WHALES ON THE NET
Joint Media Release
CANBERRA, 7 May, 2002 - Australia Joined Seventeen Other Countries in Calling on Japan to End Scientific Whaling.
In Tokyo Australia joined 17 other countries in making a demarche to Japan opposing its scientific whaling program.
The demarche sets out our strong concerns about Japan's continuing program of lethal whaling. Australia is disappointed that Japan is now expanding its program of whaling in the North Pacific to include another species, the sei whale.
The World Conservation Union (IUCN) lists the sei whale as endangered because it faces a very high risk of extinction in the near future. Reports suggest Japan plans to target 50 endangered sei whales in the 2002 season and to increase its take of minke whales by 50 to 150.
There is ample evidence that the scientific objectives of Japan's research program could be achieved using non-lethal means.
Eighteen countries including Australia are calling on Japan to comply with International Whaling Commission (IWC) resolutions which urge Japan to end its lethal whaling research program.
Australia will continue to promote increased protection for whales at the forthcoming meeting of the IWC in Shimonoseki later this month.
The countries which joined Australia in voicing opposition to Japan's scientific whaling program were: Argentina, Austria, Brazil, Chile, Finland, France, Germany, Ireland, Peru, Mexico, Monaco, Netherlands, New Zealand, Spain, Sweden, UK and the US.
Joint demarche, 7 May 2002
The following is the text the high-level group of diplomats delivered:
"The Governments of Argentina, Australia, Austria, Brazil, Chile, Finland, France, Germany, Ireland, Peru, Mexico, Monaco, Netherlands, New Zealand, Spain, Sweden, United Kingdom and United States strongly reject Japan's recently-announced JARPN II unilateral scientific research program, which is to be undertaken under the auspices of the International Whaling Commission. As member states of the IWC, our Governments consider Japan's actions as undermining the authority of the IWC, and as designed to undo the decades of progress that have achieved the substantial level of protection that whales enjoy today. The JARPN II program represents a major expansion of Japan's whaling operations, with a proposed catch in the North Pacific in 2002 of nearly double last year's figure, and which will for the first time include sei whales, a species which is classified as Endangered on the Red List of the World Conservation Union (IUCN). The proposed "scientific" catches are also in defiance of measures to protect whales adopted by the International Whaling Commission(IWC), as sei whales have been classified as a protected stock since 1975."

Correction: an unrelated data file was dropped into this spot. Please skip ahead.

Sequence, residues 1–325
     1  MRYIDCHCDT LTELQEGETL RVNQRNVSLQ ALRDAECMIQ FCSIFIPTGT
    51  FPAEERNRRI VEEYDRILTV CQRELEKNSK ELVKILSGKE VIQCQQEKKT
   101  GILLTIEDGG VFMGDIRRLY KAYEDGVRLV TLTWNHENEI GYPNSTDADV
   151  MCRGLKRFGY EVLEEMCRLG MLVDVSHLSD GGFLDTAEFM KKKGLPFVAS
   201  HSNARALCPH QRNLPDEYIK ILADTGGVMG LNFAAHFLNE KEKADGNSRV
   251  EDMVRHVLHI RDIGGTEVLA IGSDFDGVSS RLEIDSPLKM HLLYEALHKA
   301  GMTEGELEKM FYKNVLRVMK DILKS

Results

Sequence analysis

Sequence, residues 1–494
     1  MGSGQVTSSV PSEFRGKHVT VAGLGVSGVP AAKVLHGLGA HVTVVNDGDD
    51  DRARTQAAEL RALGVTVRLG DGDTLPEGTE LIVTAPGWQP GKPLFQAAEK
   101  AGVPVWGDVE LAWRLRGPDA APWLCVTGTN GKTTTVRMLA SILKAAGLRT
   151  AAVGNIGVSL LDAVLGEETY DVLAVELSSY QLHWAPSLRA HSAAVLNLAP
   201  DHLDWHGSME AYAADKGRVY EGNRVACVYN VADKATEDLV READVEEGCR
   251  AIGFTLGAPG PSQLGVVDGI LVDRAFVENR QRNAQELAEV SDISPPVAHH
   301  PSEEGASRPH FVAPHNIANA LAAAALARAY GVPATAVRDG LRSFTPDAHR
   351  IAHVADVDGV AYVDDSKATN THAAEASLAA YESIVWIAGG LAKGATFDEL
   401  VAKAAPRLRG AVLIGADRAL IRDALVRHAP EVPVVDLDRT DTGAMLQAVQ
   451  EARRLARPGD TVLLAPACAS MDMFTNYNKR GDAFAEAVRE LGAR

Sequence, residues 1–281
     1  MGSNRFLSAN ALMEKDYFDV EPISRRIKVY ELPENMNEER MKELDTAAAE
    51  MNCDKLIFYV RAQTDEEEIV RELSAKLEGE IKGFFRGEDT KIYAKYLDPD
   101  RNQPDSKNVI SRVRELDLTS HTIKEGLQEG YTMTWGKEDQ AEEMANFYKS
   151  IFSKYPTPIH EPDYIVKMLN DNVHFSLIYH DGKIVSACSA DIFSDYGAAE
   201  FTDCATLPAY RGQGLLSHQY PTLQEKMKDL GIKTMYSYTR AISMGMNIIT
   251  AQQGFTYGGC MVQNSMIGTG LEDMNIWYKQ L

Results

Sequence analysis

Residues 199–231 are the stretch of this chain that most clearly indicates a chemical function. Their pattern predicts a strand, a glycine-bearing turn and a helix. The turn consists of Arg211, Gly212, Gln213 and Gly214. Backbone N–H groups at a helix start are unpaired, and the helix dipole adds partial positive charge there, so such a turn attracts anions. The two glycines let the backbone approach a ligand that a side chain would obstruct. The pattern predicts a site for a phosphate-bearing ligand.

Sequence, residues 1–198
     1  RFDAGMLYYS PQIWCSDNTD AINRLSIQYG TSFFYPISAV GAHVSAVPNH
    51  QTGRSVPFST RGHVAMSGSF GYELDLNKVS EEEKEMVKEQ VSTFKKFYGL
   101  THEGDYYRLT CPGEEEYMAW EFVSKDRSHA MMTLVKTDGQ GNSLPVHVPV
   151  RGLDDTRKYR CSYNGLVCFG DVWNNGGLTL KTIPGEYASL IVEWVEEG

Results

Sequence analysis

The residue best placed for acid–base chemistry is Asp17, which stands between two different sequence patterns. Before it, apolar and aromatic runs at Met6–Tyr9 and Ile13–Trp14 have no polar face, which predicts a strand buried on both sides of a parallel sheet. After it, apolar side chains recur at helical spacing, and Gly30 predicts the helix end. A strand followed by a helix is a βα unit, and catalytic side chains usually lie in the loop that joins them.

"Our Governments reaffirm their strong commitment to the conservation of whales, while at the same time rejecting commercial whaling and opposing any measures that imply undermining the moratorium on whaling adopted by the International Whaling Commission. We are concerned that Japan's activities conducted under the "scientific research" provisions of the IWC are not supported by the majority of the Scientific Committee and represent a continuously increasing level and range of catches for what in effect is a unilateral program carried out by a single member State, without the approval of the majority of the IWC's other members. The Commission has adopted resolutions at prior sessions calling upon the Government of Japan to abstain from issuing permits for "scientific research" that don't meet the Scientific Committee's criteria. We deeply regret that the Government of Japan has ignored these resolutions."
"We call on the Government of Japan to respect and comply with IWC resolutions on scientific research and to immediately abandon its announced JARPN II program, which does not have the support and approval of the Scientific Committee, nor of a majority of Contracting Governments.
We further deplore the fact that the program includes the take of up to 50 minke whales for the benefit of small-type coastal whaling communities, despite the consistent rejection by the IWC in the last thirteen annual meetings of requests by the Government of Japan for commercial quotas for these communities in exception to the moratorium on commercial whaling."